Step 16.

The picture here is a great exercise for value shading. I've got a little secret tip for you to make things easier. You can download this to your desktop. First click on the picture to have access to full size. By right clicking on your mouse, you can select "Save Image As." It should save to your desktop.

Step 17.

After printing out a number of the above template, practice shading in the values like this picture. You become familiar with this shading technique that gives you more control and confidence.

Step 18.

*TIP: Before I forget, I want to say this. For more realism and smooth transitional between the shadowed planes and highlights, I lighten the outlines so they'll be hardly visible. Now On with this step. This is the first start with the pastel application. If you do the whole picture in a pencil sketch, this is where you would sketch in small circles or lines to shade the areas. It would take hours upon hours to cover all that area with a pencil. I chose to shade with pastels. In a few strokes I've got area coverage. Applied medium to dark gray to the clouds and tornado. I added black to the landmass. Looks like a mess, but that's how a some beginning projects will appear. Keep patience with you and keep applying those layers of whites, grays & blacks. You'll have a great outcome.

Step 19.

Here I used my blending stump to "draw" in more lines and add more shading to clouds, tornado and landmass. I worked in circular motions on the side of my blending stump (underhand). I with the lined walls of the clouds, sometimes sweeping up the dirt & debris made from the tornado. I smoothed in the larger parts of the clouds with a tissue... in a circular motion. Then After that, I sprayed the picture with "Krylon Workable Fixatif" to adhere the pencil & pastel to the paper for a non-smudging and workable surface.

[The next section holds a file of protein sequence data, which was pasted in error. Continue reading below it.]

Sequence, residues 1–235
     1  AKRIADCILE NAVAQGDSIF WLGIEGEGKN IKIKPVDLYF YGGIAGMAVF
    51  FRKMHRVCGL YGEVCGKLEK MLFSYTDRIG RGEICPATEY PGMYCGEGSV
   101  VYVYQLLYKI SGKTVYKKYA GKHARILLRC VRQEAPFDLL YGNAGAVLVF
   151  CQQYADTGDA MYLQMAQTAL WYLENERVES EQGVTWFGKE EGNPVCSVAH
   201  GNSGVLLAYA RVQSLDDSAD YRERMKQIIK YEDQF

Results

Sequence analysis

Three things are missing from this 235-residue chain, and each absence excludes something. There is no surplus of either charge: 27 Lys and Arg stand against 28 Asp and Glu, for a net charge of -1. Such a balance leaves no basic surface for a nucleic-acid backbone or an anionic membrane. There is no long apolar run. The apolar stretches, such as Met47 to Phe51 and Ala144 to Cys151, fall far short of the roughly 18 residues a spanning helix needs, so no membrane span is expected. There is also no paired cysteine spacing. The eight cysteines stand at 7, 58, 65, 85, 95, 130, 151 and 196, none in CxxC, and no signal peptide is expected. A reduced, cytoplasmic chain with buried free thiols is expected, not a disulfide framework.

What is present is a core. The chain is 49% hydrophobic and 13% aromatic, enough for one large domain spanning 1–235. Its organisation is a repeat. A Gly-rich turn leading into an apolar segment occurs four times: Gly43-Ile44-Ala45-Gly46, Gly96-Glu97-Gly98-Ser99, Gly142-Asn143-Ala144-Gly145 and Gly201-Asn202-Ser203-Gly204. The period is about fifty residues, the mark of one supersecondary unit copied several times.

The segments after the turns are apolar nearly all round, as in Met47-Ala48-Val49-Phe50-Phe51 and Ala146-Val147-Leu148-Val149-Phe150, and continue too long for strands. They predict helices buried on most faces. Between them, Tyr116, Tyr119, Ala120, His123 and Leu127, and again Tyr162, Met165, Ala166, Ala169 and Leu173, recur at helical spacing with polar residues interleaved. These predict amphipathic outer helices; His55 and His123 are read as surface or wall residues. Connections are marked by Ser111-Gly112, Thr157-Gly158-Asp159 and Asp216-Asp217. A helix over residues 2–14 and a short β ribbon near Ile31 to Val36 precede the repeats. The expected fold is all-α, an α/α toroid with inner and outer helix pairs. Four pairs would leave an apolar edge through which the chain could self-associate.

Step 20.

I sketched in more shading in tornado and clouds with my 9B graphite and 0.7mm mechanical pencils. I defined the shadowed cloud areas by looking at the reference picture closely. The sketching was done in circular and diagonal lines, staying close to the cloud & tornado slant.

Step 21.

I did this pencil blending separate so you can see the difference after the application. I used, of course, my blending stump. I was able to carry the graphite to smooth out lighter areas to appear darker. Graphite lines and smudges are not recognizable. Again, observe the difference.

Step 22.

Finally, the storm has passed over. I have finally FINISHED!!! With my white and light gray pastels I added more highlights to the clouds. And, yes, I darkened that bad baby of a tornado. They can be beautiful, but the are dangerous and cause fatalities. It's a mean thing. (***TIP: When applying those white highlights, sometimes they blend into the darker background not giving a stark white appearance, which is more realistic in this case!) Now our tornado "pops"! To help out with specific areas of highlights, tone, texture, etc., the next two following steps will show you.

Step 23.

Without highlights, your picture would have a flat appearance. Click on this picture to learn how to make your own picture POP out!

Step 24.

Click on this picture to see how Tone, Shading, Texture, and Reflective Light affects this tornado. The tornado normally rides on the edge of a storm cloud. That's why lots of time the sun can be seen behind it. Check out Wikipedia & those other websites for neat info on this phenomenon. I am closing out now. But you all have been wonderful and it has been a great pleasure to do this tutorial with you. Please fav, comment, and show your love here. And I will definitely reply back soon or eventually. Love, peace, happiness, success, and more beautiful days to ya! *hug* *blowkiss*

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Uploaded: July 14, 2012
Artist: Catlucker
Difficulty: Intermediate  Intermediate Skill Level
Steps: 24
Updated: July 14, 2012
P.O.V: Na
Favourited: 19 times
Artist comments

I have had nightmares about tornadoes since I was a child. Now I have the honor to do this tutorial called "How to Draw a Realistic Tornado. In one of my steps, I have more information about this phenomena with website links. But here's what I found in Wikipedia's vast knowledge on the subject by googling tornadoes. A tornado is a violently rotating column of air that is in contact with both the surface of the earth and a cumulonimbus cloud or, in rare cases, the base of a cumulus cloud. They are often referred to as twisters or cyclones. Tornadoes come in many shapes and sizes, but they are typically in the form of a visible condensation funnel, whose narrow end touches the earth and is often encircled by a cloud of debris and dust. Most tornadoes have wind speeds less than 110 miles per hour (177 km/h), are about 250 feet (76 m) across, and travel a few miles (several kilometers) before dissipating. The most extreme tornadoes can attain wind speeds of more than 300 miles per hour (483 km/h), stretch more than two miles (3.2 km) across, and stay on the ground for dozens of miles (more than 100 km). (Wikipedia Notes) I hope you enjoy this tutorial. Please fav, show your love, and comment. Thank you all. Peace and love to you.